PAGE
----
Friday, August 28, 2015

THE APARTMENT UPSTAIRS

When I first moved into my forever home, I was excited. In ten years, I had moved around six times. I was glad when that moving truck finally drove away. And I was relieved when all the painting and repairs, the putting away and cleaning up, and the final d├ęcor touch-ups were done. All I had to do now was live my life, take care of my family, and maintain my home. Sitting on the sofa with a big cup of herbal tea that night while my partner and child slept in their new motel-grade beds was the most relaxing night I had experienced in a while. I was so content.

After a few sips of my tea, I picked up the remote and browsed through Netflix. I tuned into Dexter and tucked my legs up under me. I finished my tea when the show’s credits flashed on the screen. I still wasn’t sleepy, so I decided to watch another episode. At 2 am I began to yawn. I was just about to get up when I heard a door slam, then yelling. A lamp or something was knocked to the floor and I heard a woman scream, and then nothing. I turned off the TV and listened; still nothing. I decided that it was just my sleepy brain playing tricks on me, so I just went to bed.

The next day I told my family what I thought I had heard from the apartment upstairs. They laughed at me. I laughed at me. I went on with my day and found myself with Dexter again later that night. And later that night, around 2 am, I heard the door slam, then yelling. Something was knocked over and a woman screamed. Then silence again.

At the breakfast table I told my family what I had heard and this time they took me seriously. It was a Friday night so my partner and I stayed up, watching Dexter. At around 2 am I turned off the TV. About a minute after there was a door slam and yelling. The sound of something smashed to the floor then a woman screamed. My partner looked at me uneasily. We kept listening for almost an hour, but after the scream, all was silent. We went to bed wondering and questioning what was going on. From what we heard, it sounded like someone might have gotten hurt. It seemed like something out of the ordinary was definitely going on. The next night we heard the same thing again. Silence after a woman’s scream.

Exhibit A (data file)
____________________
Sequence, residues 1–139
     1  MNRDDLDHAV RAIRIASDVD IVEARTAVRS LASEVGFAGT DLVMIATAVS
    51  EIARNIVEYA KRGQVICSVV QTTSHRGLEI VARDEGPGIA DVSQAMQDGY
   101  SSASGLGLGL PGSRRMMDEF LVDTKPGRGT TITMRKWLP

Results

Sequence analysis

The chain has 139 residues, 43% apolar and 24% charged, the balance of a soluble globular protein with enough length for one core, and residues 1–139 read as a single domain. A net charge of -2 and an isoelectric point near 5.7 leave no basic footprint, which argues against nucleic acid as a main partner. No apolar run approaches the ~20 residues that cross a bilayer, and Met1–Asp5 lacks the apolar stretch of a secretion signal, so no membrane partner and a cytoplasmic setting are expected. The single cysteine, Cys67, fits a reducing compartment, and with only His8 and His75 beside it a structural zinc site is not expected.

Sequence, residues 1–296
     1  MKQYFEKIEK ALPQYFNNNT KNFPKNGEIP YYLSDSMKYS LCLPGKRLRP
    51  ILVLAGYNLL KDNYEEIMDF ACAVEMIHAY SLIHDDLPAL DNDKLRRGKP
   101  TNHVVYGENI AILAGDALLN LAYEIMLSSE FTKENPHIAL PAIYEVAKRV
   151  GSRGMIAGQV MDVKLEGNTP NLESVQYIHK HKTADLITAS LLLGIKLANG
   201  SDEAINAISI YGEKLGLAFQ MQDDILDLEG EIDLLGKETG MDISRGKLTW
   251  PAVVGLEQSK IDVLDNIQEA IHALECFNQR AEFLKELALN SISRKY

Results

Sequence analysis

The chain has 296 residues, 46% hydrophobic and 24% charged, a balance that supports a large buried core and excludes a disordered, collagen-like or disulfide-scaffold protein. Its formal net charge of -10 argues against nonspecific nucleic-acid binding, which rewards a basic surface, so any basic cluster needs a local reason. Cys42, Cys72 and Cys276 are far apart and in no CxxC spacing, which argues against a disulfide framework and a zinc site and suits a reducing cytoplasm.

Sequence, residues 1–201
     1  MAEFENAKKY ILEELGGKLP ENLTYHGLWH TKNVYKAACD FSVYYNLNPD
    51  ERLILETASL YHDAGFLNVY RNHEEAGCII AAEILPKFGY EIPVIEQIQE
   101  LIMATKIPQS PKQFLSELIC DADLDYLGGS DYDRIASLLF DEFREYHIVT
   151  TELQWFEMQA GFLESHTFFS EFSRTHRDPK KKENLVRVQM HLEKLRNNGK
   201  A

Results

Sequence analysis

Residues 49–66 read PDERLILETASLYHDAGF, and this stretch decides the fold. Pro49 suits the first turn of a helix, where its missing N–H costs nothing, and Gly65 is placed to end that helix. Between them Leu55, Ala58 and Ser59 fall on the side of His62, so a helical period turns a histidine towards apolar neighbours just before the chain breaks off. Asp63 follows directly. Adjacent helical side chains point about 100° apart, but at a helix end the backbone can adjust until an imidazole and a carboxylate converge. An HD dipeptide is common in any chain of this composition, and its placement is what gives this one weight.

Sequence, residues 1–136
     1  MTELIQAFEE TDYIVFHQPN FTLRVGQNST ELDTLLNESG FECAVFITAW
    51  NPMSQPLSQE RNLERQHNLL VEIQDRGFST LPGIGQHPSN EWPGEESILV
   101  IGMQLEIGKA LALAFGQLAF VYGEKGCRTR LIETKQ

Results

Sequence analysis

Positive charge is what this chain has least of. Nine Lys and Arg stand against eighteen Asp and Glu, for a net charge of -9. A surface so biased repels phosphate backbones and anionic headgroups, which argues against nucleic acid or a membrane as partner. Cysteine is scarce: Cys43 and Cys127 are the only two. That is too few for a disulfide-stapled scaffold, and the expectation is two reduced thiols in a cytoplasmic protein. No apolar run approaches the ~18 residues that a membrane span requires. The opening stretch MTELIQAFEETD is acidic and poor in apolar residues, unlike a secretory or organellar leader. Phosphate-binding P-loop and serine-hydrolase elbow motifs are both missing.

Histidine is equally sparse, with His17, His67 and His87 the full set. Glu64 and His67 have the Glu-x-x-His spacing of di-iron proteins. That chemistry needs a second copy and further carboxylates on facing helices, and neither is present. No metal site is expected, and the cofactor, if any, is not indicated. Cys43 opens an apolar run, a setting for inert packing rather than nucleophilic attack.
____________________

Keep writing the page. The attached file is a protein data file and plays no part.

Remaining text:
The next morning, my husband saw the Super about so he questioned him about the apartment upstairs. Apparently, the unit was vacant, and had been vacant for months. The people who were living there, a man and woman, had just up and left. The rent had not been paid and when the unit was finally opened, the place was so dusty that it must have been abandoned for a while. The unit was cleared and everything was thrown out. The tenants who had rented the place were untraceable. Head office was unable to find them through the credit reporting agencies or anywhere on the internet. They had just disappeared. And the unit had been renovated and ready for new tenants.

My husband relayed the information to me and it didn’t make any sense. How can they just disappear? Wasn’t there a background check done when they filled out the application to rent? So who’s been into the apartment? Squatters? How come the people who lived here before us never heard anything?

The next day I heard footsteps upstairs. So, being the curious person that I am, I decided to go on up and see. The door was ajar and the Super was talking to a man in a suit. I turned to go, but the man called out to me. I turned to him and he invited me in. He introduced himself, shook my hand, and then asked me a few questions: How long have you lived here? Who do you live with? Have you heard any strange noises coming from the unit?